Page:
It has been said that doing what you’ve always done gets you what you’ve always gotten.

On October 31, 2011, the Ontario Ministry of the Environment (the “MOE”) moved forward with the modernization of its environmental approvals process. The MOE describes the new online system as “smarter” and “faster”. It is intended to make environmental compliance easier for businesses, to provide public access to information on businesses that impact the environment and to assist with the enforcement of Ontario’s environmental standards. The changes will have a considerable impact on Ontario’s regulated businesses.

Impact on the Environment

When a business’s activities impact the natural environment, the business needs an approval from the MOE. Businesses in Ontario must have MOE‐issued environmental approvals if they:

  1. release contaminants into air, land, or water; or
  2. store, transport, or dispose of waste.

A business’s environmental approval sets out legally enforceable rules of operation. These rules seek to protect the natural environment against emissions, discharges and wastes that are produced by a business’s operations.

Under the modernized system, a business may either register its activity or apply for a compliance approval.

The New Regulations  

New regulations under the Environmental Protection Act, R.S.O. 1990, CHAPTER E.19 (the “Act”) lay the groundwork for a more streamlined approach to obtaining environmental approvals. The new regulations are as follows:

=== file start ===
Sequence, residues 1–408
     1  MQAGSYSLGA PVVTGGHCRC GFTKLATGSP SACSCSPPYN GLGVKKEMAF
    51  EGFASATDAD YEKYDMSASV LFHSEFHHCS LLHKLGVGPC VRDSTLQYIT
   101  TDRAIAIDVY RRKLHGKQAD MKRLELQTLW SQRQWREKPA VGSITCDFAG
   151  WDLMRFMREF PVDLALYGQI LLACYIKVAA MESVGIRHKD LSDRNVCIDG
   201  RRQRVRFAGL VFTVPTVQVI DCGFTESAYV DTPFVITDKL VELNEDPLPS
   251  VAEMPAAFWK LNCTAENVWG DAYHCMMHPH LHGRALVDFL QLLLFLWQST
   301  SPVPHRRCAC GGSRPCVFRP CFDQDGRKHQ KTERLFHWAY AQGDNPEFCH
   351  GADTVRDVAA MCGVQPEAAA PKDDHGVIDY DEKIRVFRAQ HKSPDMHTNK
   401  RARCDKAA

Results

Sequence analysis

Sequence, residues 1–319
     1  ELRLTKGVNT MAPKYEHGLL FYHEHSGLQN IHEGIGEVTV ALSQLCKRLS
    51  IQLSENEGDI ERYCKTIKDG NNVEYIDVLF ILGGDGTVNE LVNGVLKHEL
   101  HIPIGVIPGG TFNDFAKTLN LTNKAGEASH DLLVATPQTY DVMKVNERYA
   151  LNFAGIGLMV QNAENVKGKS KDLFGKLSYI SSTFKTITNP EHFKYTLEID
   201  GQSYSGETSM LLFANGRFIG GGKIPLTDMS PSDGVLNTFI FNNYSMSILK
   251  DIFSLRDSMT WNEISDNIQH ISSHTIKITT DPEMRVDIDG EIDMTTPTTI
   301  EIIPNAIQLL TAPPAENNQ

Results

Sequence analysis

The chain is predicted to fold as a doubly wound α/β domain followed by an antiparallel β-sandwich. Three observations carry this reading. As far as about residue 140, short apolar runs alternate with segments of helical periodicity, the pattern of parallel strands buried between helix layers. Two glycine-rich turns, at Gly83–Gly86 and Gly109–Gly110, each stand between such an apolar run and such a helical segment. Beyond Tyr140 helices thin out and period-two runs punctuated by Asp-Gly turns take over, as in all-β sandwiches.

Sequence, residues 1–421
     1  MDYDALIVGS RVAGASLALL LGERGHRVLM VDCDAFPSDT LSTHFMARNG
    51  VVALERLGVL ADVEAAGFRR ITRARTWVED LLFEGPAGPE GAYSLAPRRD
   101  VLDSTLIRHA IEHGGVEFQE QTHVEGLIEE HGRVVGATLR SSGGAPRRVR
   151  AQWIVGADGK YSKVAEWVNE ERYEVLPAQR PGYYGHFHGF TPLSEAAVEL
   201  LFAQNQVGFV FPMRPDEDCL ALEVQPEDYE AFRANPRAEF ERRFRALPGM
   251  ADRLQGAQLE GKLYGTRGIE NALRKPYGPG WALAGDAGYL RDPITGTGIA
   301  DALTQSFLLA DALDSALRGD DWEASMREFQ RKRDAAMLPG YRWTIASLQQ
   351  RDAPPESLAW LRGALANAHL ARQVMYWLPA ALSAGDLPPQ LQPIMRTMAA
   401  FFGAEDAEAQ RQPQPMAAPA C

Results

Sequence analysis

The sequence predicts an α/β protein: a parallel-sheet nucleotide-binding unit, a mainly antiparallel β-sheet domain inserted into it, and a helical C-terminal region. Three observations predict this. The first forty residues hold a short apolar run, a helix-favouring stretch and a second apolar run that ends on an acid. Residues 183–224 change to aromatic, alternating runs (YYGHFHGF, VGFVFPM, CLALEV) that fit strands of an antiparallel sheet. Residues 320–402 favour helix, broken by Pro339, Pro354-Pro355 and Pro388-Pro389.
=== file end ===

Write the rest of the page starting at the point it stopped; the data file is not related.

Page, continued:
1. O. Reg. 255/11: sets out the application process for the new Environmental Compliance Approvals (“ECA”s); and  
  2. O. Reg 245/11: sets out the three prescribed activities under the Environmental Activity and Sector Registry (“EASR”) (which are heating systems, standby power systems and automotive refinishing).  

Qualifying for an Environmental Compliance Approval (ECA)

Companies engaged in complex or unique activities or who have more variable systems or operations must apply for an ECA. The ECA replaces the former system of certificates of approval (“CofA”). The ECA allows for a single electronic form for multiple activities and online tracking of approvals. With the former CofAs, businesses had to apply for multiple approvals for individual processes and pieces of equipment. For example, on a single site, separate approvals were needed for air, noise, waste and sewage activities. The introduction of ECAs means a single approval for all activities at a site.  

Under the ECA system, existing CofAs and their attendant conditions will continue. If a preexisting CofA includes an EASR‐eligible activity, the approval remains valid. The activity will only need to be registered in the EASR if: (a) the conditions of the existing CofA are modified; or (b) the existing CofA expires.  

Any application for an environmental approval received after October 31, 2011 must meet the minimum requirements of O. Reg. 255/11, which include completing a director‐approved application form and submitting applicable financial assurance estimates.